Monday, April 18, 2011

Part 4: We Don't Like How This is Looking

It was wonderful to have a visit from my mom, my brother Tim and Stewart. Stewart gave me a wonderful priesthood blessing, and although I don't remember details about it, I'm so thankful for it. I know it made a difference. I also know that family, friends and ward members were praying for me, fasting for me and serving my family as best they could. I know my life was spared because of their faith and prayers.

My mom sat by my bed and chatted, which most of you know is my very favorite thing - chatting with my mom. Although I couldn't talk, I did ask for paper and pen so I could scratch notes and say what I wanted to say. She told me all about her Gospel Doctrine lesson, and updated me on the renovations they are doing on their house. I gained such strength having my brother Tim there. He's been through many-a-hospital-stay, and I would look at his bright smile and strong frame and think, "Tim's done this before. I can do this too."

About this point in came a male nurse, informing me that he was there to insert a feeding tube through my nose. My mom moved to the back of the room to give him space, and my amazing nurse, Candy stayed by me and held my hand. I needed a hand to hold, too. Although he had a scope, he could NOT find the spot the tube was supposed to land. In and out, in and out, in and out of my nose and throat, he tried again and again. It was horrible, and I hope I didn't break Candy's hand squeezing it so hard. Probably a good thing I had a tube down my throat and couldn't speak, because I think I would have said, "It's okay. I'll just starve!"

The chest tubes were doing their job. They had drained a good liter of brown, infected fluid from my lungs. My doctor came in after the daily round of scans, x-rays and vitals and said, "We're concerned about your right lung. We don't like how this is looking. The infected fluid has started to congeal to a jell-o like consistency. We'd like to try to place another chest tube to see if we can get that pocket of fluid out." Despite their attempt with another chest tube, the fluid was too thick to be removed with the tubes, and was now joined by a "rind-like" coating on my lung, which both needed to be removed. I was then introduced to my second doctor, Dr. Coleman.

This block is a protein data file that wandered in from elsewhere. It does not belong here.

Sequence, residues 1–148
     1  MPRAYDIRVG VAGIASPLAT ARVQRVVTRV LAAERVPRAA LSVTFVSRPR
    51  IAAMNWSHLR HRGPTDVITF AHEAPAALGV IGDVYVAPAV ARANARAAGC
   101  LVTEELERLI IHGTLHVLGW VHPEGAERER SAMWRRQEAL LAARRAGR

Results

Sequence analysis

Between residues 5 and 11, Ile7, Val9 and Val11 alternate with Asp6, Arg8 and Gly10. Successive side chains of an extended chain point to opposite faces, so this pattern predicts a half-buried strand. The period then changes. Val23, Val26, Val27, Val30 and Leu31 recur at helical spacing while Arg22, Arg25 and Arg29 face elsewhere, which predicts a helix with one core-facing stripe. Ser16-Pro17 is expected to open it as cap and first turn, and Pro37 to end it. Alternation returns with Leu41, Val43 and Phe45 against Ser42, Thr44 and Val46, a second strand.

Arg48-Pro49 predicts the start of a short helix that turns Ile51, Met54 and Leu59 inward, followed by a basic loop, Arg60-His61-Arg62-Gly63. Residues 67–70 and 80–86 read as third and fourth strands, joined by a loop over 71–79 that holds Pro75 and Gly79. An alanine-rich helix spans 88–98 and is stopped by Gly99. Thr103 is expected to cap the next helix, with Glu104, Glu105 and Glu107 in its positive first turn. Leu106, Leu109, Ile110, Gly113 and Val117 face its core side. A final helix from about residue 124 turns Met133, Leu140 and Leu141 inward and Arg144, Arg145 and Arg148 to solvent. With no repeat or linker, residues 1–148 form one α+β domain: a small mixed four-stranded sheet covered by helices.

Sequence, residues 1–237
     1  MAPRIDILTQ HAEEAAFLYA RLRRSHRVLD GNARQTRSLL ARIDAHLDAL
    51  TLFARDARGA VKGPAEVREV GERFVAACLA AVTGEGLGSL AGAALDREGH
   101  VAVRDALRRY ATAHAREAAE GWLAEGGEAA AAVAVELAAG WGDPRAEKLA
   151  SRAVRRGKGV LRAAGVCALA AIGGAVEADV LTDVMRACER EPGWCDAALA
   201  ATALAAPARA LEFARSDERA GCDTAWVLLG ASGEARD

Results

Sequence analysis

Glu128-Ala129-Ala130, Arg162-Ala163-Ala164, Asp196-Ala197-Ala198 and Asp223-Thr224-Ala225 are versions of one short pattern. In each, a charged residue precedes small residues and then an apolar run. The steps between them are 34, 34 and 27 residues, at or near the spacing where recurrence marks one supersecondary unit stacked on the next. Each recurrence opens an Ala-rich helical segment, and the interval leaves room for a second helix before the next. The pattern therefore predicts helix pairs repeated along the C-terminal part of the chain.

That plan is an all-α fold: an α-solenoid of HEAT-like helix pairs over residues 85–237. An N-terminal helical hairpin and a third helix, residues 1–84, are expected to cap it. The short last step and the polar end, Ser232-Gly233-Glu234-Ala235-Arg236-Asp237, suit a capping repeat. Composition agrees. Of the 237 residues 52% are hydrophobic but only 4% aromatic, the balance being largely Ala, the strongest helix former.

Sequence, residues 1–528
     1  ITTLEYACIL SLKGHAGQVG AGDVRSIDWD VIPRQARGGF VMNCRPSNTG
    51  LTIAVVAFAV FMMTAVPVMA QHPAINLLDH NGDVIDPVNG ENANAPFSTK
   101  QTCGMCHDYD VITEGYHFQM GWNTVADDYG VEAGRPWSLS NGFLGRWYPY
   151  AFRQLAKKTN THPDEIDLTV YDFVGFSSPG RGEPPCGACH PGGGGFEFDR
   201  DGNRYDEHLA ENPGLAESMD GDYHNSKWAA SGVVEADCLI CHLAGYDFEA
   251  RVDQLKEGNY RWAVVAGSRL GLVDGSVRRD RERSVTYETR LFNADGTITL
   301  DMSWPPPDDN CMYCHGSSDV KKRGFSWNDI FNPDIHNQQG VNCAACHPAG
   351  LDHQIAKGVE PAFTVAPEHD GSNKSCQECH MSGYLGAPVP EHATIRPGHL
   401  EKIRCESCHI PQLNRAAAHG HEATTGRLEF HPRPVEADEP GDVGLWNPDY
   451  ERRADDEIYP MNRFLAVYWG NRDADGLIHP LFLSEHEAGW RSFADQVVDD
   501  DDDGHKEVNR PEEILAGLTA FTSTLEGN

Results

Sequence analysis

Dr. Coleman came and visited with me, and asked me a bunch of questions about my health, habits, etc., most likely making sure I'd be a good candidate for this surgery. He explained the surgery to me: A small incision in my right side by my ribcage, and they would go in and manually scoop out the infected fluid, and scrape off the rind-like coating on my lung. The procedure is called a Thoracotomy. Gross, huh? I wouldn't know. I was asleep for the whole procedure, and woke up thinking about sugar cookies!

The surgery was a success, and they were able to remove another liter of fluid, in addition to the coating on my lungs. All of the nurses who asked who my surgeon was would say, "Oh, Dr. Coleman! He's the best Thoracic surgeon in the Northwest. You're going to be just fine."


Wendy Jean said...

You don't know me, but Holly Kelley is my sister. She mentions you in e-mails every so often - especially at Halloween and your family's super cute costumes that you made.

I'm so glad you pulled through this hard experience and you are now sharing it. I know our prayers are answered through other people that I like to call angels and I love to read accounts of other's who have their prayers and needs answered through faith.

Dianna said...

The plot thickens - literally (sorry for the pun). I am just amazed with each of your posts how the Lord carried you all through this. And we are all soooooo very glad He did.

Amy said...

Haha! Great pun, Dianna! I should have made that the title instead. You are so clever. Welcome Wendy! I love your sister. I've been her VT for a while, and I'm so happy she's my friend. Thanks for stopping by!

Nicole said...

ugh. that sounds disgusting. Jello like infection....Glad they got it out! Your mom rocks by the way. She was one of my favorite people growing up. I always admired her.

Granma Faye said...

Hi Amy, I'm Holly's mom. I, too, am so glad you wrote about this experience. As a matter of fact, reading about that doctor following the prompting to return to the hospital in the middle of the night impressed me so much that today I shared the story with one of my favorite, long-time patients (at the dental office where I work.) Such a miracle and testament of the power of the Spirit! And what a blessing the doctor listened and acted. Your story brought me to tears and will be forever a legacy of inspiration to your family. Thank you for sharing. I'm so glad you made it through to continue mothering your little family. ♥